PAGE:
According to Zimbabwean law, an investigation into a crime can only be initiated based on a case report and/or prima facie evidence that a crime may have been committed.

This means that law enforcement or investigative bodies may not be drawn into investigating without just cause, for the purpose of discovering a crime that was not initially reported or apparent (patent) to have instigated an investigation. Any investigation outside a case report or prima facie evidence indicating the possible existence of a crime, would be tantamount to a witch-hunt.

This brings me to Al Jazeera’s claims of gold looting in Zimbabwe in their “Gold Mafia” documentary. It is clear that the allegations made in the documentary lack just cause and clear evidence on what crimes were committed as it relies more on gossip and purported written documentation provided by supposed witnesses whose bonafides has not been examined in the documentary.

If we Zimbabweans and our government were to accept the claims at face value, we would be running the danger of tacitly accepting the aspersions cast now and in the future upon the President, his family, other senior officials of the government and major investors as well.

Therefore, it is critical to assess the validity of the claims made and documentation shown in the documentary, to determine whether there is prima facie evidence and just cause for our law enforcement to initiate criminal investigations.

Additionally, in line with the audi alteram partem rule, the implicated individuals must also be allowed to present their side of the story before a decision on non-prosecutorial seizures and blocking of accounts or investigations on them is made.

The above process is even more necessary now when considering that over the years, ZACC (Zimbabwe Anti-Corruption Commission) has conducted numerous investigations, but few, if any, have resulted in convictions, leading to criticism about their prevailing conduct of “Catch and Release”.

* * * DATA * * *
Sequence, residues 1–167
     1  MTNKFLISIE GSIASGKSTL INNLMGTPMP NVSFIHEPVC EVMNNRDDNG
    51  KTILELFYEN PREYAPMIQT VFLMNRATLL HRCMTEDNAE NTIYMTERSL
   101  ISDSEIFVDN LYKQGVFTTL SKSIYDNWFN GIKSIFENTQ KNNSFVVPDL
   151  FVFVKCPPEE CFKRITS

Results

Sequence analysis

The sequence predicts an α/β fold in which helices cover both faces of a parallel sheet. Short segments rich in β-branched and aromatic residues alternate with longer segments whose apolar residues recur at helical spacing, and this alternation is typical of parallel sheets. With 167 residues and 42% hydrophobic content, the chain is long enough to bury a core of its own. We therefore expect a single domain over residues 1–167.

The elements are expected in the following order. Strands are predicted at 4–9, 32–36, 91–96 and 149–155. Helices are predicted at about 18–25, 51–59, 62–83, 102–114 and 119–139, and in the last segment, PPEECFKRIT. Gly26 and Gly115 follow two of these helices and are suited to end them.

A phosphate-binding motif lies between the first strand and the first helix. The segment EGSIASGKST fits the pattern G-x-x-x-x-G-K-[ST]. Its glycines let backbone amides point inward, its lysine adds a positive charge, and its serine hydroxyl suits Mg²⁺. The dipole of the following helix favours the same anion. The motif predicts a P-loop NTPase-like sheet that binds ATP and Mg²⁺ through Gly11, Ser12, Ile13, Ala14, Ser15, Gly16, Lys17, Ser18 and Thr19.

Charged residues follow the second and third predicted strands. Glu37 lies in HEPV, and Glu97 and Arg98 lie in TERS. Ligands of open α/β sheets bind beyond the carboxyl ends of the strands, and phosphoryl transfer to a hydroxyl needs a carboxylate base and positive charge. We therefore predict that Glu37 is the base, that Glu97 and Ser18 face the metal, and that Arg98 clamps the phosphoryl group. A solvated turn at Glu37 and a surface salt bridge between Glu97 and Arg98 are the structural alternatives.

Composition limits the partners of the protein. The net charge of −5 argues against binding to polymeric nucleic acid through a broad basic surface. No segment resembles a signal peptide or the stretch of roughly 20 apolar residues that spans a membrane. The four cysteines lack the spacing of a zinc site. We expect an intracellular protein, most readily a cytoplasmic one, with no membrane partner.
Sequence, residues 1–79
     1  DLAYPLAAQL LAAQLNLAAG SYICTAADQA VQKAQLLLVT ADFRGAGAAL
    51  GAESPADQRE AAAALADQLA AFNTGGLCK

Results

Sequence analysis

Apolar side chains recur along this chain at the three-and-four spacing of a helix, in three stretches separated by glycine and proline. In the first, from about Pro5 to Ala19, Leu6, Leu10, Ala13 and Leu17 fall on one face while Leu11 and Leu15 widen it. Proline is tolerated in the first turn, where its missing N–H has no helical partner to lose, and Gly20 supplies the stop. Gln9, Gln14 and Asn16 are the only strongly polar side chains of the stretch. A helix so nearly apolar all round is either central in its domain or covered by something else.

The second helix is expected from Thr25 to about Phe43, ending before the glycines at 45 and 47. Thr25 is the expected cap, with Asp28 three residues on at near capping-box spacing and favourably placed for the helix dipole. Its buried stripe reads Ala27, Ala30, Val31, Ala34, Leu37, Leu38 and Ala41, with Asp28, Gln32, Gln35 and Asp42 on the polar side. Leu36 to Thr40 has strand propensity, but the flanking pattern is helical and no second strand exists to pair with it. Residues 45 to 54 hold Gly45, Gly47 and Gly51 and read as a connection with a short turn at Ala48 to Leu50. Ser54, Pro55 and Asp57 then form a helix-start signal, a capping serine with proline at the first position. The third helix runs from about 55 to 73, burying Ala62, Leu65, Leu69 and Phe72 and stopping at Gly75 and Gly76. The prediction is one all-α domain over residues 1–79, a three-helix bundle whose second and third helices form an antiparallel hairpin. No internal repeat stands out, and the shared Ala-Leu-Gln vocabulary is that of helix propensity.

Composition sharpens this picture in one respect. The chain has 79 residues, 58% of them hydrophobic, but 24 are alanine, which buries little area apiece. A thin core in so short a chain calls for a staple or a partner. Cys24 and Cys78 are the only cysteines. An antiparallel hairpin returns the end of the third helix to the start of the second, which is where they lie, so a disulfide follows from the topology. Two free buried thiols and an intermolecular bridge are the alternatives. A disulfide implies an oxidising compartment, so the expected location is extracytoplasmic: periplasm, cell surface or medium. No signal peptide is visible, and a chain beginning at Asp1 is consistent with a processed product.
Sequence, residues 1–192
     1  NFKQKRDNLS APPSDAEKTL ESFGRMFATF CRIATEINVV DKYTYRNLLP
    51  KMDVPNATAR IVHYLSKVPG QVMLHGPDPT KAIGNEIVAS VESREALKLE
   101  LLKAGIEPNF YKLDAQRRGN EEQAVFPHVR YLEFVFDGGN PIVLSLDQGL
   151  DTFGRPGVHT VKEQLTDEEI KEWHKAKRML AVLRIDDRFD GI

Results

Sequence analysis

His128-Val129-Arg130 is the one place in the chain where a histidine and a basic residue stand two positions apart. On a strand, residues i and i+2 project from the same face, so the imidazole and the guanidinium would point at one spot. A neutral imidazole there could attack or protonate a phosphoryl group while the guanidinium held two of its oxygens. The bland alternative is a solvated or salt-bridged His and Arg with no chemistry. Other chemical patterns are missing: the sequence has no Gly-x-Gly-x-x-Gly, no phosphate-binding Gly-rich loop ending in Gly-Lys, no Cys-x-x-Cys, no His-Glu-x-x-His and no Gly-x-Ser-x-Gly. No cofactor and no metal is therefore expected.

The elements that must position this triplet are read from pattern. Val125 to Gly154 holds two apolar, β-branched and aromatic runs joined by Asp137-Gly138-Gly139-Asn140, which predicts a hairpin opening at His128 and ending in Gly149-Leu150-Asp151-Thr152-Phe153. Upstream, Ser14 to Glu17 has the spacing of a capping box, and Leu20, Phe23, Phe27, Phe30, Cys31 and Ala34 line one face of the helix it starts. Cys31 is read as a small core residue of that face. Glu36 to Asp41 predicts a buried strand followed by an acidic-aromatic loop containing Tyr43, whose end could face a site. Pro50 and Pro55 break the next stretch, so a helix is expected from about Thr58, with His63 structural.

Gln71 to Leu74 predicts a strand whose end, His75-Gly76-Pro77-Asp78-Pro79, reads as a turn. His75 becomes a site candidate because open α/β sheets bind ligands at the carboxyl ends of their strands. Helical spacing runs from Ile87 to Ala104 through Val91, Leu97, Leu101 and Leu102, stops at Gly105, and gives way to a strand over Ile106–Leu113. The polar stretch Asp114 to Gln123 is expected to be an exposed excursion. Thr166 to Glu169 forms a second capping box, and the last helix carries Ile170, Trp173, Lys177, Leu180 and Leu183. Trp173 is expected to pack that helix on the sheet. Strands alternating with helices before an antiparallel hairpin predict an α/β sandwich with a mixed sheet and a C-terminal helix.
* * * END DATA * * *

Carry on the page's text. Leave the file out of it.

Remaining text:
In the past, ZACC has ordered arrests to illustrate the government’s commitment to acting against corruption, but without sufficient evidence to successfully prosecute, such prosecutions have failed to get convictions, leading to the violation of the rights of the accused.

Similarly, South Africa’s prosecuting authorities have also fallen into the same trap of instituting arrests based on the hype of the “State Capture Commission”, gossip, and news reports, and now these cases are collapsing due to a lack of sufficient evidence in key cases like the Freda Dairy saga, which forms the fulcrum of proving Gupta state capture.

It is crucial, therefore, that Zimbabwean authorities do not get caught up in similar, politically-influenced kangaroo courts that are based solely on gossip from choreographed bioscopes (documentaries) and media anecdotes.

If investigations and arrests are to ensue to deal with gold smuggling and financial crimes, let them be guided only by the law and strong evidence that can pass the test of cross-examination, and not the assertions of a media outlet with a distant relationship with the truth.